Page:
Sam Jones on Wilco, Tony Hawk and His Career

Sam Jones gave me one of the best tips I have ever got on interviewing, even after years of journalism school: "If you want it different, start differently." That applies not only to interviews but also to Sam's life. Jones's father was a race car driver who then built airplanes and raced those, "He always loved racing and speed," Jones said. When Sam's dad was growing up, cars were the shared culture amongst many; for Sam, growing up, it was skateboarding. The first skateboard he ever had was from his Uncle, who made the board with clay wheels and fiberglass, "it was orange with a yellow lightning bolt on it," Sam remembered. He went from skating with all the kids in his neighborhood to competing in the California Amateur Skateboard League, run by Frank Hawk, Tony Hawk's father. Jones was best friends with Neil Blender, the well known Southern Californian skater, and realized he was not quite at their level, but found himself taking pictures of other skaters while at the park. 

Jones mentions multiple times that he had three passions growing up: music, skating, and photography (if it was taking pictures of the first two). "I believe you don't have to define yourself so clearly…the best way to approach a creative life is to wake up every day open to the possibilities you could come up with an idea or do something you haven't done before that could really connect with people," Jones told me. Sam went to Gonzaga for a year, where he worked as a political cartoonist for the school newspaper but finished his schooling at Cal State Fullerton. Cal State is where Jones met the teacher of his photojournalism class, Mark Boster, who became his mentor and spent 34 years as a Los Angeles Times photographer. "[He] was a great teacher who loved photography....he saw something in me I think no one else had seen…he really encouraged me," Jones remembered.

After years of working at the Associated Press, Jones embarked on another new task: making a documentary. This doc would be where many people were introduced to Jones. Sam played in bands and thoroughly loved music so he would watch countless films about music and bands, "I would watch every music documentary I could get my hands on as a way to try to understand the music and musicians. I remember watching Stop Making Sense and going to band practice and telling them we have to think more about what we do on stage." Sam told me. "Bob Dylan: Don't Look Back was a huge one for me too."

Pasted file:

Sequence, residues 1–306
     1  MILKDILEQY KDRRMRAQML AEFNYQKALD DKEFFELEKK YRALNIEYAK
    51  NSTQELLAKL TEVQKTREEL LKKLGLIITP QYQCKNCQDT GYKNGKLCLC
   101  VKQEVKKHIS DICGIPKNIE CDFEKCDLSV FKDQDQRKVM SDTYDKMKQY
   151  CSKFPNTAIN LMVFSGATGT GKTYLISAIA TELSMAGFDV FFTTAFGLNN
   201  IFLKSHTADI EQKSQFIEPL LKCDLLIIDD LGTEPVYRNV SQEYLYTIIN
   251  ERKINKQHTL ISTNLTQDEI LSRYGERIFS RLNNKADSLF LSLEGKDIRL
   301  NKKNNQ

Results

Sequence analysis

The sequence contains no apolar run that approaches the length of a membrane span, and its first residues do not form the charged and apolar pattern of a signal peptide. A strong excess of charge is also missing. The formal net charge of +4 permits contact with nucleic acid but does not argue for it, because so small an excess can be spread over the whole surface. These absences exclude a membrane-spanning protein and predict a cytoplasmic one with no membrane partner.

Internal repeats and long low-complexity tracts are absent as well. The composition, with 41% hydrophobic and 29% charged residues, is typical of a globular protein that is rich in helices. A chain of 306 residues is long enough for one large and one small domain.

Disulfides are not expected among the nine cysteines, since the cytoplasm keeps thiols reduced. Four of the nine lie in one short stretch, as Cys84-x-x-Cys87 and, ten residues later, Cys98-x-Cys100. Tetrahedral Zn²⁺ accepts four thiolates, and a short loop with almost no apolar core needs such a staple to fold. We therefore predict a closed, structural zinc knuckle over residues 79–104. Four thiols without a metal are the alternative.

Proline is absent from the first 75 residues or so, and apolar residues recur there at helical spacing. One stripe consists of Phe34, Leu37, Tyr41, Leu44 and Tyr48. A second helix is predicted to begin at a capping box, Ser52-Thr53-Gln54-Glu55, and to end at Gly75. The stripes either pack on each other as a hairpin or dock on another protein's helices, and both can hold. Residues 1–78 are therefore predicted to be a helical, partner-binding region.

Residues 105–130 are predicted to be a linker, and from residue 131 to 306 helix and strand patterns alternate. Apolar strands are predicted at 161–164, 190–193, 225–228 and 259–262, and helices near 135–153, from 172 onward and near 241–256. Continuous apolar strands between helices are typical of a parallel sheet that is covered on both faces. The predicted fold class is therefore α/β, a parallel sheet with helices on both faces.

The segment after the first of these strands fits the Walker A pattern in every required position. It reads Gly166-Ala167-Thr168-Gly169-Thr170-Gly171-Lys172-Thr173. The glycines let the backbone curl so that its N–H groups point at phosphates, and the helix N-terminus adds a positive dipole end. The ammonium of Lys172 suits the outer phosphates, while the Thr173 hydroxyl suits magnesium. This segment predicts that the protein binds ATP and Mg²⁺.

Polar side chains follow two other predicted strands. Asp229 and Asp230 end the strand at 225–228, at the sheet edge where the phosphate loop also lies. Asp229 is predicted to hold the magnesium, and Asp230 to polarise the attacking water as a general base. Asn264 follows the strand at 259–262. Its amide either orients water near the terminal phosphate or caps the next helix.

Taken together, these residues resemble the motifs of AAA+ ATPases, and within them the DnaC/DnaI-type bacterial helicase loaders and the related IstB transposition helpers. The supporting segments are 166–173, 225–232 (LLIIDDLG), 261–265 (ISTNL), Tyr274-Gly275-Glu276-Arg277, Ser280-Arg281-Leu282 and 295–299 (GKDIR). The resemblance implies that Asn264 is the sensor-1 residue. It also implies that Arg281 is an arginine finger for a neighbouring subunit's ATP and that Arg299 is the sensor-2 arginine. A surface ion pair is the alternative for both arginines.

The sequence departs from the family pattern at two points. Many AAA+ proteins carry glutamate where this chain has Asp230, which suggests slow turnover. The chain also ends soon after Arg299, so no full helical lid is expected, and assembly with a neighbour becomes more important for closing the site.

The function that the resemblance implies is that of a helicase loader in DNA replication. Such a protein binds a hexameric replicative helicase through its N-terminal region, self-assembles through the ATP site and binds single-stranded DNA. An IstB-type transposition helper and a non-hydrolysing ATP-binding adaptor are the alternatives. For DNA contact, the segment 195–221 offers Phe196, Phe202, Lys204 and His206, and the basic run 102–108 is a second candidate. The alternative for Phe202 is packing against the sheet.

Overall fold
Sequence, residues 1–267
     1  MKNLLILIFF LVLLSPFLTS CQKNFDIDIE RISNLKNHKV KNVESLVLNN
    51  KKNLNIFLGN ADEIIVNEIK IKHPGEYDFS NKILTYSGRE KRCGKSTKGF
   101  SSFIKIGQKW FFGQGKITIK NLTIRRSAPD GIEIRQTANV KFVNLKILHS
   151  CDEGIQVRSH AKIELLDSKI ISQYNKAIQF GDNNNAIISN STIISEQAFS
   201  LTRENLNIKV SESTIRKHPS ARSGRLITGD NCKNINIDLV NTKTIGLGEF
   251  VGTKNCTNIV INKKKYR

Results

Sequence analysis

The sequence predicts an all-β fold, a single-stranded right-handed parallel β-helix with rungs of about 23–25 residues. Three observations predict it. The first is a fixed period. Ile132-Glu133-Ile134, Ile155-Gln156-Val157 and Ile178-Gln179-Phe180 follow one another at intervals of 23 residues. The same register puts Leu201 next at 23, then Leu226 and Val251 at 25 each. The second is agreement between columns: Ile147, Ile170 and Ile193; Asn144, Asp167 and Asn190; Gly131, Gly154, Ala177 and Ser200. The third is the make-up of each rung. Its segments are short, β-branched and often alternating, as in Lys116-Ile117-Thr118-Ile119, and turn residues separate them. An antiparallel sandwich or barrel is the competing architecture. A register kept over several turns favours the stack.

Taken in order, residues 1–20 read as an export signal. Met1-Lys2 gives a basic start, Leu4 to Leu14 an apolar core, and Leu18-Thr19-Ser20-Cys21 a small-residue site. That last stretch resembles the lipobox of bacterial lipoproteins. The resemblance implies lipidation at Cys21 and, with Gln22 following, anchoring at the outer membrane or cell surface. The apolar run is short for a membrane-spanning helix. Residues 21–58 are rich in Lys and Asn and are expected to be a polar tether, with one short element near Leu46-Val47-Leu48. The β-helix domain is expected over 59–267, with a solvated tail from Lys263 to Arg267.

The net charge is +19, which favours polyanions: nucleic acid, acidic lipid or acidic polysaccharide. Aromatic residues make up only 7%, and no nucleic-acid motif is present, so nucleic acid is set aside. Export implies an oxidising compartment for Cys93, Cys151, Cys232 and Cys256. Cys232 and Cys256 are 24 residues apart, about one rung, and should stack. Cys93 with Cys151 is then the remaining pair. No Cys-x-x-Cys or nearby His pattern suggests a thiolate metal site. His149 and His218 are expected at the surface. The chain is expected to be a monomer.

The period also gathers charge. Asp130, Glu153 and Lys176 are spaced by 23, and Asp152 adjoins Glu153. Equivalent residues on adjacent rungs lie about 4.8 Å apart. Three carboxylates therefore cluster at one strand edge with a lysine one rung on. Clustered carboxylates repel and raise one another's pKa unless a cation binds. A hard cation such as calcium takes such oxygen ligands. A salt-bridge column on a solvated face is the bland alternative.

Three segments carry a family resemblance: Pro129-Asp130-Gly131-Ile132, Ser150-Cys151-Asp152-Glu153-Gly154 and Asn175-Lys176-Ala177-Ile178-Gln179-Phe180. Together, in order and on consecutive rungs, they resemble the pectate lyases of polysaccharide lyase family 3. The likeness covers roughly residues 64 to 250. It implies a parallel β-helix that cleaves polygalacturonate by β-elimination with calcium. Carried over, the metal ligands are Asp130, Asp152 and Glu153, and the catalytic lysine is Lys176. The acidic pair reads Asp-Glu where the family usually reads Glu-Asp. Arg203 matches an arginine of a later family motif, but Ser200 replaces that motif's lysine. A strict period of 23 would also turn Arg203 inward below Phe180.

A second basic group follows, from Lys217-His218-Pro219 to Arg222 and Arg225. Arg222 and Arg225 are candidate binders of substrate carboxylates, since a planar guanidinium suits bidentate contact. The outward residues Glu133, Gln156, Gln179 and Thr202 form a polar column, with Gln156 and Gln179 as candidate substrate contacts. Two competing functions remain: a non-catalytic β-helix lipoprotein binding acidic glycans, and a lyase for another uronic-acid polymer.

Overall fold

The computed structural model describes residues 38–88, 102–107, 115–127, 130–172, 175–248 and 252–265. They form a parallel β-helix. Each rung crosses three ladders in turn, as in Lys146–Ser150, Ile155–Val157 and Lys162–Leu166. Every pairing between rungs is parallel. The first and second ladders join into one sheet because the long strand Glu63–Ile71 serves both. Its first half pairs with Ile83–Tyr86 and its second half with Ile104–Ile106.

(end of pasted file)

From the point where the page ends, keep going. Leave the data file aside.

Jones was in New York seeing a show of Wilco's at the Bowery Ballroom, "This is an upcoming band, they are not intimidating, it was just a schlubby dude who wrote songs. It would be cool to make a film about them," he thought. After he got home from New York, he wrote a letter saying there should be a film about them and how he would like to do it. By this time, Jones had built up quite a resume shooting magazine covers and Rolling Stone pieces, so when the letter got to Bill Bentley at Reprise Records, he recognized it was not some random request by a fan. They knew Sam's photography well and worked with him before. When the letter was sent to band management and then Jeff Tweedy, they were all interested.

It is relatively well known that Jones funded the film himself. Directors financing their own projects have been done before by people like Francis Ford Coppola with Megalopolis and M.Night Shyamalan with many of his projects. Still, there is a lot more risk for someone making their first big film. "I think with all documentaries, if you're totally honest, you don't really know the film you are making until you get to the editing room," Jones previously said in a Off Camera interview done by Jason Sudeikis. The problem was that so many things continued to prevent them from even getting to the editing room, like Jay Bennett leaving the band and Wilco's label, Reprise Records, dropping the band altogether. All these events required Jones to get a lot more interviews and a considerable amount of extra filming, which started to become very pricey. "I remember exactly how much [I spent], I think I was at $187,000 by the time we got some help in post production…I stopped spending money around $200,000," Jones said to me. Later, a production company helped with some of the costs of getting it in theaters. One of the most memorable scenes in the movie is of Jeff Tweedy and Jay Bennett discussing their mixing of a particular song. They go back and forth endless times, and Tweedy, at one point, looks directly at the camera out of frustration and seemingly just wants the moment to end. Following their spat, Tweedy mentions that he has to throw up, and Jones follows him into the bathroom, where Tweedy enters the stall and gets on his knees to expel while Jones visibly gets up and stands on the urinal, where he records the lead singer from above." When he headed to the bathroom, I headed to the bathroom…I just lifted the camera over the stall, I couldn't even see what I was filming. You look at it now, and it looks like I missed the shot, but in a way, that's good because it's less graphic and has more impact, but total accident." Jones jokingly told me that he would probably be more hesitant filming that scene today, "It's sometimes the boldness of inexperience; it's a related theory to ask for forgiveness instead of permission."